So yep, a birthday happened here. This week, I turned 49. Age doesn't bother me--I guess I figure I've earned every one of these years or something. Still n' all, it often surprises me to think, "Oh. I'm 49. How did that happen?"
I'd rather have reached 49 than the alternative. Thus, no hiding my age or being coy or cagey here. It is what it is, and I've had a great 49 years. Looking forward to the rest!
(For those of you reading this through feed readers or email, there's a photo gallery that appears here with controls for sliding photos back and forth. You may not see it in feeds and may need to check the website version.)
This year for my birthday, I did a cooking class at the New York Wine and Culinary Center and invited a few family members to join me. There were eight of us: me and my husband, my son and daughter, my nephew, my mother-in-law, and my brother-in-law and his girlfriend. You work in pairs, so I paired with my daughter, my husband was with my mother-in-law, my son and nephew worked together, and my brother-in-law and his girlfriend were a pair. I went with eight as that's the number to fully surround one island in the classroom (four stations of two people each at every island). Everyone cooks their own dishes, but then you can share around the island--or even through the classroom--as you may choose. (The gallery shows my family and everyone's dishes--my son and nephew brought in a ringer and a chef-in-training did their plating for them. You can tell.)
I've taken several classes there before and have blogged about them in the past (here's one, and here's one, and here's one with a recipe I learned at a class, and here's another one). My favorite is the Farmer's Market class, so that's the one I chose for my birthday celebration. You start out by meeting at the Farmer's Market in the town where the institute is located, and the chef talks you through the process, lets you know what proteins and pantry items are available at the institute, and then gives you a portion of your registration fee back in cash and sets you loose on the vendors. You make up your meal plan as you go, making use of the chef as consultant as needed. My daughter and I were partners since she's a vegetarian and I was game to go meat-free, and we decided it would be fun to learn how to make pasta. I've looked into doing it in the past, but had never taken the dive. What better time, though, than when surrounded by chefs and culinary students?
And now I'm hooked.
I made the ravioli, and my daughter made the sauce. She riffed off a sauce she sometimes makes at home--also with no recipe. (My daughter has developed my love for free-wheeling cooking. Recipe? We don't need no stinkin' recipe.)
We filled the ravioli with a mixture of risotto, arugula (we wanted spinach but there wasn't any at the market--at this time of year? Really?), and garlic. The sauce has roasted red peppers--and she roasted those peppers too--tomato, onion, garlic, and fresh basil. Then we sprinkled some of the arugula over the top for pretties. Everyone loved it!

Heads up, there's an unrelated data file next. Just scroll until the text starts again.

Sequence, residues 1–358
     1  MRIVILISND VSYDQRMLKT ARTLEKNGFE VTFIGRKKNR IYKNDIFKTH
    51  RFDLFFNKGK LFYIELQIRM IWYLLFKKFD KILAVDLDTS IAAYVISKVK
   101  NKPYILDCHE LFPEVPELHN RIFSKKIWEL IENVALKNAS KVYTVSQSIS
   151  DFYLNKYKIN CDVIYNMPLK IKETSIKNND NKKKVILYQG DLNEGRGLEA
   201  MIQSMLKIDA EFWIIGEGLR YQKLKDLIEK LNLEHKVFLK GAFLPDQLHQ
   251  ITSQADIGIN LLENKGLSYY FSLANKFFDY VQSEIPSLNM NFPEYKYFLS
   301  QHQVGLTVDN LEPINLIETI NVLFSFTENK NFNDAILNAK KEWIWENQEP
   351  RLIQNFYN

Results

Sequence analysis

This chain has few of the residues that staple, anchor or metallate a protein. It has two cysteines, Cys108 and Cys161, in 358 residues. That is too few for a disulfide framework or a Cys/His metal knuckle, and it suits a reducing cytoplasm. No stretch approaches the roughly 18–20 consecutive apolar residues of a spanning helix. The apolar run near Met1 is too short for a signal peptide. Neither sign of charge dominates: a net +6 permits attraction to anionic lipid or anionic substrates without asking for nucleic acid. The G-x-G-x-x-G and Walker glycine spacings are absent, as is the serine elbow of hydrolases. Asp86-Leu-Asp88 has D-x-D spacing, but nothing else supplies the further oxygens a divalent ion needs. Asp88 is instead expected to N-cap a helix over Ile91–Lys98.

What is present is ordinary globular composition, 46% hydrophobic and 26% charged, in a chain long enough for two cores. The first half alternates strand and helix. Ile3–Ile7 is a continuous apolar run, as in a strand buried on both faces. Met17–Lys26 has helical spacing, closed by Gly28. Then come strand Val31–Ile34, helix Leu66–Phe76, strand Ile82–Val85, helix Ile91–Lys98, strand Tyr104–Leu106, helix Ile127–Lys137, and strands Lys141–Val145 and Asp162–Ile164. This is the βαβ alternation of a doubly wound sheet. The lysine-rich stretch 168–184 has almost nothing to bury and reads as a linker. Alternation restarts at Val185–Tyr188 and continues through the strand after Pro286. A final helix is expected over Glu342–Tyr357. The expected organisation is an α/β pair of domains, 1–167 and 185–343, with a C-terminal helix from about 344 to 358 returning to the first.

I fell in love. Just like making bread from scratch, there's something so wonderfully elemental about creating your own pasta from the egg up. I immediately started dreaming up all sorts of combinations of ravioli fillings and sauces.
The next day, on Sunday, I made homemade ravioli for a pasta salad for our family celebration (me and my father-in-law share a birthday). Without a pasta maker, I was rolling it out by hand with a rolling pin so it wasn't quite as thin, and I wasn't able to make as many ravioli. So, rather than pasta salad as a side dish, I served it as an appetizer. This time the ravioli was filled with ricotta, roasted red peppers bought from a store, fresh grated parmesan, and garlic; I tossed it with grape tomatoes, fresh basil, and more fresh grated parmesan. Even though the pasta was a little more chewy and thick because my rolling technique was a little rough, people still loved it. And I had a blast.
And so, my husband bought me a pasta maker for my birthday--and a drying rack, and a ravioli mold. The shipment should get here tomorrow. Mind you--this isn't self-serving for him. He doesn't actually like pasta, and he hates gooey cheese (so he's not big on cheese-filled anything). He'll eat it if I make it but it's nothing he'd look forward to. So buying me a pasta maker is truly an act of love on his part. And I'll be giving a lot away.
I also ordered the book Making Artisan Pasta by Aliza Green. It got good reviews; I should get that one later today.
And then, because it was on sale and I'm on fire, I bought a new Craftsy class: Homemade Italian Pasta with Guiliano Hazan.
So...be ready for more pics of pasta to come!